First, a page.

Running SAS interactively using the SAS Display Manager System (DMS)

The SAS DMS is not available unless you are running software that supports full graphical UNIX X applications. These include the UNIX Sun Ray machines, a Windows machine running Xming or Cygwin, or a MAC running OS X.

To access strauss with a full-screen interface from a Windows machine using secure shell:

  1. Set the secure-shell terminal to support "tunneling." From the Edit menu, click Settings then click Tunneling.  Be sure the box titled "Tunnel X11 connections" at the bottom left of the right frame is checked:

    Secure Shell Tunneling

    If "Tunnel X11 connections" is not already checked, click it, click OK, and close secure shell.

  2. Start one of the clients: Xming or Cygwin.
  3. Start secure shell again and log on to strauss (Quick Connect). Use the secure-shell terminal applcation (generally the icon with the white rather than the yellow background).

If secure shell is already set to support tunneling, you need just the last two steps.

Note: Xming and Cygwin are open-source software. You can install them free of charge on your personal computer.

On a Sun Ray, you may start SAS with mouse clicks. From the Applications menu, click Other then click SAS System. You  may also start SAS from a command prompt in an xterm window open on strauss.

On a Sun Ray, you may open an xterm window on strauss from the Applications menu. Click Internet then click xterm on Strauss. On Mac running OS X, log on to strauss. On a Windows machine, start Xming or Cygwin and log on to strauss with secure shell. With a connection from Windows, you may start SAS from the secure-shell command prompt or from an xterm window.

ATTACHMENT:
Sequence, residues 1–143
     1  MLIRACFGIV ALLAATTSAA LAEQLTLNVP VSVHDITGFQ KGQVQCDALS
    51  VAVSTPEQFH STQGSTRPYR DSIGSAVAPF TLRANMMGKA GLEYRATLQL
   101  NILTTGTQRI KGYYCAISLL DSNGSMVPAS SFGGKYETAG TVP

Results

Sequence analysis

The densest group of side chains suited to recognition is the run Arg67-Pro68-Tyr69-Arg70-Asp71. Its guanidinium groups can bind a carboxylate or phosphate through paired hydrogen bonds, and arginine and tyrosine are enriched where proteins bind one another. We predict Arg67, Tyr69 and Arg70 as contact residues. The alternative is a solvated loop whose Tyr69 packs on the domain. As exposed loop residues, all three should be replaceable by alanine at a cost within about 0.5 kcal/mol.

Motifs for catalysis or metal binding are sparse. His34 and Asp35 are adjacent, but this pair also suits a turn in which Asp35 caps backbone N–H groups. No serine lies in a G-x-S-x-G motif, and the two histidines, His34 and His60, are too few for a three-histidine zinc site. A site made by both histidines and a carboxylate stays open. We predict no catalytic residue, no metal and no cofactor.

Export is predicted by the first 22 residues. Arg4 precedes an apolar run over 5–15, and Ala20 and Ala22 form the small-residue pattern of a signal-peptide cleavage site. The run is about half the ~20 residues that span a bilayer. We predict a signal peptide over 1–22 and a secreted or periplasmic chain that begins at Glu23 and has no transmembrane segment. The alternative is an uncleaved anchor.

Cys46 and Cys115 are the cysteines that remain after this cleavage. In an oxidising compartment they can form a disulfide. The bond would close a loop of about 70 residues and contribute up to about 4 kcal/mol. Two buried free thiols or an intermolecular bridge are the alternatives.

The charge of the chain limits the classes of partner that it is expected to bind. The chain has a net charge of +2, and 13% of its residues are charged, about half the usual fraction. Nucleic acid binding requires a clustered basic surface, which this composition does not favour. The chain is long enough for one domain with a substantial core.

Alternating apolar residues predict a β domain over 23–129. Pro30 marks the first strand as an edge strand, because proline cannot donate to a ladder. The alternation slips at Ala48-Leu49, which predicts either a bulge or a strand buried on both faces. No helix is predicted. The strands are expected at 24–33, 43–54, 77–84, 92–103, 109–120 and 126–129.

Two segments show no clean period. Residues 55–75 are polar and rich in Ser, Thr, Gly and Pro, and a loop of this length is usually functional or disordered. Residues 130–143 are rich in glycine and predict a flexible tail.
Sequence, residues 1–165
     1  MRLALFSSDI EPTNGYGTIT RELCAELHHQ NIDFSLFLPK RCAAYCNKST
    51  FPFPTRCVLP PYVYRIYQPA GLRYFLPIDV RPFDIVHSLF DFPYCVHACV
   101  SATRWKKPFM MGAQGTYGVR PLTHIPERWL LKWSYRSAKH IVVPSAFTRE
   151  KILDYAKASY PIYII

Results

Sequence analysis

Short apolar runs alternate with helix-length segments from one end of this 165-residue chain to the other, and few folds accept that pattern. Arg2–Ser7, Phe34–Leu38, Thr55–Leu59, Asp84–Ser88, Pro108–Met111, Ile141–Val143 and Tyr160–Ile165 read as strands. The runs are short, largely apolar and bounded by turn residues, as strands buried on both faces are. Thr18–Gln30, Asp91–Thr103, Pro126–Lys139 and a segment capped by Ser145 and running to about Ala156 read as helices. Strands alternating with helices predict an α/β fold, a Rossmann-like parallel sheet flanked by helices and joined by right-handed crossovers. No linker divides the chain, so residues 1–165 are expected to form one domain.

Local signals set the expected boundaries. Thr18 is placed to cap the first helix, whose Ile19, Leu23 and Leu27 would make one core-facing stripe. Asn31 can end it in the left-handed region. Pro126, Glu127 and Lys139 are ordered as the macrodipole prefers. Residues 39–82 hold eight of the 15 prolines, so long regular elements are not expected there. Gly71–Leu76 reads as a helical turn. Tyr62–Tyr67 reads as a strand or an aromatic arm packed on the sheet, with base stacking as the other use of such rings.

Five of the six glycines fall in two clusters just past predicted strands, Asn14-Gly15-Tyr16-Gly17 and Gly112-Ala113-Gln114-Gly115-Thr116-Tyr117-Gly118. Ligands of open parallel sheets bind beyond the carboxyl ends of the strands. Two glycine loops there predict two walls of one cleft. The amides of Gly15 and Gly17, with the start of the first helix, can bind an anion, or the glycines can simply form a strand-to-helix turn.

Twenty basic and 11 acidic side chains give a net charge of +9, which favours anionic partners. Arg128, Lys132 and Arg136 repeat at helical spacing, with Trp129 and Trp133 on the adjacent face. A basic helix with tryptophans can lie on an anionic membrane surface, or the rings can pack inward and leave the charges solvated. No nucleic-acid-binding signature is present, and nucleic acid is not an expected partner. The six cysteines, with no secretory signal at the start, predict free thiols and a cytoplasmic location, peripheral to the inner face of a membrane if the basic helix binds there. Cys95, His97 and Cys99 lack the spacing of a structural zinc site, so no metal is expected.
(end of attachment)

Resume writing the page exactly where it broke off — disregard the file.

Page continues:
To start SAS with a command, from a strauss command prompt, type:


With this command, your terminal window is "frozen" until you exit SAS. To run interactive SAS and free your terminal window for typing UNIX commands, add an ampersand after the SAS command:

sas &

When you start SAS with the Display Manager System, several windows appear. They look something like Figure 1, which is slightly modified to show all the windows.

Figure 1

As shown in Figure 1, three primary windows plus the Toolbox are visible. The three primary windows are:

  • SAS: Explorer—window for easy access to SAS libraries and files.
  • SAS: Log—window for displaying annotated program statements, including diagnostics, for each submission of a program run.
  • SAS: Program Editor—the SAS text editor for composing SAS programming statements.

The SAS ToolBox is the narrow window at the bottom of the figure. It can be used for quick access to several operations using the mouse, and DMS commands may be typed in the dialog box. For instance, type


to exit SAS quickly with no dialogs. But be careful: you are not prompted to save any files.

Additionally, two windows are hidden from view in Figure 1:

  • SAS: Output—window for displaying output from SAS procedures and any output generated by program statements, hidden behind the "SAS: Log" window.
  • SAS: Results—frame for negotiating through the output window, hidden behind the Explorer window

Use the mouse to move and resize these windows. Each window is independent of the others and may be moved and resized to suit your preferences.